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Installation view of the exhibition “Luxes” at the Musée des Arts Décoratifs
Photo: CHRISTOPHE DELLIÈRE/MUSÉE DES ARTS DÉCORATIFS

6 Fascinating Exhibitions Around the World This Winter

From New York to Paris, these shows feature both moments of beauty and feats of engineering

Exhibition calendars have been in a constant state of flux due to the ongoing COVID-19 pandemic, but museums and institutions around the world are continuing to generate ambitious programming. Below, a guide to Galerie’s selection of the top shows to see this winter, from a major retrospective on Italian Arte Povera maestro Mario Merz to an exploration of the meaning of luxury in Paris.

J.M.W.'s The Burning of the Houses of Parliament, circa 1834-5. Photo: Courtesy of Tate Britain

1. Turner’s Modern World at the Tate Britain, London 

Through March 7, 2021 

One of Britain’s greatest landscape painters, J.M.W. Turner lived through the peak of the Industrial Revolution, bearing witness to the arrival of the locomotive, political and social reform, and the abolition of the transatlantic slave trade. This landmark exhibition showcases 160 works, including an important loan from London’s National Gallery, to explore how he masterfully captured the changing times. 

A panne velvet dress by Demna Gvasalia for Balenciaga on view in “Luxes.” Photo: CHRISTOPHE DELLIÈRE/MUSÉE DES ARTS DÉCORATIFS

2. Luxes I Musée des Art Décoratifs, Paris 

Through May 2, 2021  

The evolution of luxury astounds as the subject of a new presentation curated by museum director Olivier Gabet. Germinating from a broader survey originally hosted by the Louvre Abu Dhabi, the Paris show features more than 100 objects spanning nearly 6,000 years. An opulent Tiffany & Co. diamond bracelet displayed in a vitrine designed by Robert Rauschenberg and Jasper Johns and some exceptional examples of Jean-Michel Frank’s use of straw marquetry are among the treasures gathered.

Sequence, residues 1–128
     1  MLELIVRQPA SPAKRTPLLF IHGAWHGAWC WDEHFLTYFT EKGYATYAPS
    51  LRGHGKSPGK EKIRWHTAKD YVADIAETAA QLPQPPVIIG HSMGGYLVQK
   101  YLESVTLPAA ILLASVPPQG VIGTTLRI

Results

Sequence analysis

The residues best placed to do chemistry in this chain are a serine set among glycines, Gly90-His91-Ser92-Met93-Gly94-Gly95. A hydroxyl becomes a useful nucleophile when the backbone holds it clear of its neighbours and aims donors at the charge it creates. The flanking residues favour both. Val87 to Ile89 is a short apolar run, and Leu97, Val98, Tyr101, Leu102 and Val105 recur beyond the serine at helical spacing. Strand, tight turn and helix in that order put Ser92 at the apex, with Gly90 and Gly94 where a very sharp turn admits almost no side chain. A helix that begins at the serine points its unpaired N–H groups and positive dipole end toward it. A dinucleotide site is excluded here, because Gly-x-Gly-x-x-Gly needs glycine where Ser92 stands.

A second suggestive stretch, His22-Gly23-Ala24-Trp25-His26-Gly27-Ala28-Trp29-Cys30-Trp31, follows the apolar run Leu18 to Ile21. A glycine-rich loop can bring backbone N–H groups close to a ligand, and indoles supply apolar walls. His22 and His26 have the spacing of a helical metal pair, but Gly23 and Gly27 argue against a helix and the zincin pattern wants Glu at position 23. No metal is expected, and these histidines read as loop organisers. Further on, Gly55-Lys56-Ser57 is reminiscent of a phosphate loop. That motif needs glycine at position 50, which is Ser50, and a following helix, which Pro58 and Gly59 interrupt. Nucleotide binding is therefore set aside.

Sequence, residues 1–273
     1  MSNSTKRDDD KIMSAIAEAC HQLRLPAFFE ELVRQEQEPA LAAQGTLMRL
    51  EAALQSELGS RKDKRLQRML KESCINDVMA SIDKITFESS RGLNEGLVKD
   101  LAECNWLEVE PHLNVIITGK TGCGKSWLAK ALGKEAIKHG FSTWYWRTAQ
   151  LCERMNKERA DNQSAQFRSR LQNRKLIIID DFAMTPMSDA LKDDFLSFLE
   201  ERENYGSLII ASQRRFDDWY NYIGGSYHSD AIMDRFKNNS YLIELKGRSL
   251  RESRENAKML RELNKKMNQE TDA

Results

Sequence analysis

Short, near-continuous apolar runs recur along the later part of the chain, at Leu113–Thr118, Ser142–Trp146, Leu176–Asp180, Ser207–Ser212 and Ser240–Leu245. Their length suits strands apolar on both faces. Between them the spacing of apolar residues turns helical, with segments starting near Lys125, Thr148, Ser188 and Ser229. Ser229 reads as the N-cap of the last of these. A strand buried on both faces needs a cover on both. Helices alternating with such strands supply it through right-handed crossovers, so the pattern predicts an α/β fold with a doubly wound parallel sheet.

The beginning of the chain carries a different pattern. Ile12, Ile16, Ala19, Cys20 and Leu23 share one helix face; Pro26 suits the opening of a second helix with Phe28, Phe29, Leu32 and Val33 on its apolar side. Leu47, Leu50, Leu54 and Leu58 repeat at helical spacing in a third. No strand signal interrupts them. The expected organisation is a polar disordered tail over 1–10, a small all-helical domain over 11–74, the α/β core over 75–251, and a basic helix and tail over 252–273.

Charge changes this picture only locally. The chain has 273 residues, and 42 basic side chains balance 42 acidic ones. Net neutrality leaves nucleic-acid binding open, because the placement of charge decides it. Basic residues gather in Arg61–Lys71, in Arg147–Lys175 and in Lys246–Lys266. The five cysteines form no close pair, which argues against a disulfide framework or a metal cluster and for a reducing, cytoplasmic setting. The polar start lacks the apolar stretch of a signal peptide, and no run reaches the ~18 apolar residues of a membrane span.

Howard Payne's Ford Mustang (1965), prismac and gouache on red charcoal paper, from the collection of Brett Snyder. Photo: Courtesy of Detroit Institute of Arts

3. Detroit Style: Car Design in the Motor City, 1950–2020 at the Detroit Institute of Arts, Detroit   

Through June 27, 2021 

Detroit has long been synonymous with the automobile industry, but a fascinating new exhibit elevates its most inspired innovations to art form status. Futuristic concept designs, roaring muscle cars, and sleek racers are lavishly presented, while original drawings and photographs shed light on the creative process. Aficionados won’t want to miss the 1951 General Motors Le Sabre, which introduced elements culled from aeronautics. 

Mario Merz's Teatro Cavallo (1967). Photo: © 2020 Artists Rights Society (ARS), New York / SIAE, Rome, courtesy Christie’s Images Limited

4. Mario Merz at the Dia Beacon, New York 

Ongoing

The Milan-born artist Mario Merz was a central figure in Arte Povera, the avant-garde movement that emerged in Italy in the late 1960s. This major retrospective explores some of Merz’s key motifs, including his distinctive use of neon, the Fibonacci sequence, and recycled organic and industrial materials. A particular standout is Tavola Spirale (1982), a spiraling glass-and-aluminum table topped with an abundance of fruit and vegetables.

Kerry James Marshall, Untitled (Policeman). Photo: Courtesy of the New Museum

5. Grieving and Grief at the New Museum, New York 

February 17–June 6  

The brainchild of the esteemed late curator Okwui Enwezor (along with support from Naomi Beckwith, Massimiliano Gioni, Glenn Ligon, and Mark Nash), this exhibition brings together the work of thirty-seven artists who address themes of mourning, commemoration, and loss in response to racial violence against the Black community in America.

Figure It On Out, 2007 Acrylic on canvas 60 x 60 x 1 1/2 in. (152.4 x 152.4 x 3.8 cm) Collection of the artist Photo: © Ed Ruscha. Photo courtesy Ed Ruscha Studio

6. Ed Ruscha: OKLA at the Oklahoma Contemporary, Oklahoma City  

February 18 — July 5, 2021

At the age 83, celebrated American painter Ed Ruscha is now returning to his hometown of Oklahoma City with a series of works that range from the early 1960s to 2019 at Oklahoma Contemporary. “The mythos of Ed Ruscha is tied to Americana and the open road, both of which are rooted in his childhood here,” wrote artistic director Jeremiah Matthew Davis in a statement. Visitors will find on view such iconic works as Twentysix Gasoline Stations and Chocolate Room as well as more recent “Drum Skins” paintings.

A version of this article first appeared in print in our 2020 Winter issue under the headline “What’s On View.” Subscribe to the magazine.

Cover: Installation view of the exhibition “Luxes” at the Musée des Arts Décoratifs
Photo: CHRISTOPHE DELLIÈRE/MUSÉE DES ARTS DÉCORATIFS

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